Argo-Saronic Islands: Salamis, Aegina, Angistri, Poros, Hydra...
McGilchrists's Greek Islands (7)
Published 2010 • 6 ½” x 5 ¾” • 192 pages • maps
ISBN 9781907859069 • paperback • $15.00 •
Aegina’s archaeological remains – the well-preserved temple of Aphaia and the ancient site of Kolona – are among the most interesting and important in the Aegean. The deserted site of Palaiochora, the capital of the island during the Byzantine period, with its many scattered churches constitutes a treasure-house of Byzantine painting. The landscape of the island with its many groves of pistachio trees is often beautiful and the summit of Mount Oros provides the best all-round panorama anywhere of the Saronic Gulf and the mountainous coasts of Attica and of the Peloponnese.
Angistri has a fine mantle of pines and its beaches are attractive.
Salamis, forever linked with the sea battle that changed the course of history, has large areas that are effectively a suburb of Athens. The island also has attractive corners and plenty of interest, including the Mycenaean citadel of Kanakia, reached through a forest of pines and now thought to be the place where Ajax grew up, and the cave where Euripides is said to have retreated.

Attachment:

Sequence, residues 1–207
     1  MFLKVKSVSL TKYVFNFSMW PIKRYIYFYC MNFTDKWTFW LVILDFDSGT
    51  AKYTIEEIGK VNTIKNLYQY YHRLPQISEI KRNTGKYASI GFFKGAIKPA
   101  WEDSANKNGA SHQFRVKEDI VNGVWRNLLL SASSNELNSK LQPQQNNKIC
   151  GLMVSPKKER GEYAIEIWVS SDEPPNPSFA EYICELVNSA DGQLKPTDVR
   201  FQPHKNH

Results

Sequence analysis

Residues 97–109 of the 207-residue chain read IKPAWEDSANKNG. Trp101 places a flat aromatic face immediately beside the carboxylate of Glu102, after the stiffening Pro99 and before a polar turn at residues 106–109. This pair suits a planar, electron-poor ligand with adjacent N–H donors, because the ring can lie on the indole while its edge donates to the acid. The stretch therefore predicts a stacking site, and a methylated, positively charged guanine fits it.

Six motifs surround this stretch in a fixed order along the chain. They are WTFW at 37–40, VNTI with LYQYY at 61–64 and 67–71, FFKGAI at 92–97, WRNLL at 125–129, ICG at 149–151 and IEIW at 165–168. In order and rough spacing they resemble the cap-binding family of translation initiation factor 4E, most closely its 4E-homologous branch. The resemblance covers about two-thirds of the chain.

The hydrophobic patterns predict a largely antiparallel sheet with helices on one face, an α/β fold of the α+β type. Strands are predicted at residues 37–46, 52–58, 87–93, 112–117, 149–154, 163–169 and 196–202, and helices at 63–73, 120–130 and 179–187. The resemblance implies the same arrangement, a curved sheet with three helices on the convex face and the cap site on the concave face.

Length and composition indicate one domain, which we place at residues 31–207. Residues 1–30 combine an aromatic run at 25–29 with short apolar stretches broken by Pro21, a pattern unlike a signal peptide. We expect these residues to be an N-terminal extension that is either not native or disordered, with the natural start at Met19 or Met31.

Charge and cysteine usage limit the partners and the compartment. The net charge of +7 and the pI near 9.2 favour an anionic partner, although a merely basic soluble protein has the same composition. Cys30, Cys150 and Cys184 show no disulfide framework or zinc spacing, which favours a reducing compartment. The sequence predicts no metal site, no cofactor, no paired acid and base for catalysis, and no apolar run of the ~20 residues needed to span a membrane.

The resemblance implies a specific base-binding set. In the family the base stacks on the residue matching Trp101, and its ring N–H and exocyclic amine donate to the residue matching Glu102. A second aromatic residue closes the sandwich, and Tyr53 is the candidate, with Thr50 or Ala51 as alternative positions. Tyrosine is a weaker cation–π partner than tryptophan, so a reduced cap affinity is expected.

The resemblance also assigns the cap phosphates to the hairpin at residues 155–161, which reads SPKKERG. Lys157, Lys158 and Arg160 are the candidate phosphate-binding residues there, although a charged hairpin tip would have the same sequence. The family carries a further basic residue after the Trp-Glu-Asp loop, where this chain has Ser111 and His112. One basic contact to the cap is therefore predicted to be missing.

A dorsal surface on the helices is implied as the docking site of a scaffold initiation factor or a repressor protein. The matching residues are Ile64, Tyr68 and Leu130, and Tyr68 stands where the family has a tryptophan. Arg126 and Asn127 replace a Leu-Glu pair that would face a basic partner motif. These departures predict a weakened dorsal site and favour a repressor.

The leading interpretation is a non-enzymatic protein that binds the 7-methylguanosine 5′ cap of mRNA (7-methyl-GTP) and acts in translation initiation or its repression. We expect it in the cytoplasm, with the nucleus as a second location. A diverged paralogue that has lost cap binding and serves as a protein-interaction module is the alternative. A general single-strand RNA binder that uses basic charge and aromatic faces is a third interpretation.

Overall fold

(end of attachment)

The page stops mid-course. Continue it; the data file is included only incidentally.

Poros has an elegant town and a tranquil interior, where the important Sanctuary of Poseidon has a beautiful setting but as yet has only been explored to a limited extent.
At the beginning of the 19th century Hydra was a more important town than Athens and prospered from its commercial shipping interests, which endowed the island with one of the most strikingly beautiful ports in the Aegean. The rest of the island (where there is a total ban on motorized traffic) is only accessible on foot; the mountainous interior is grand and panoramic with a number of monasteries.
Spetses today is a place of contradictions, with widely diverging qualities of tourism and of architecture. The older buildings are languishing while new luxury housing flourishes. And, while non-resident cars are banned, motor-scooters create noise and disturbance in their place. The island’s celebrated pine forests have been decimated by repeated fires in the last fifteen years.
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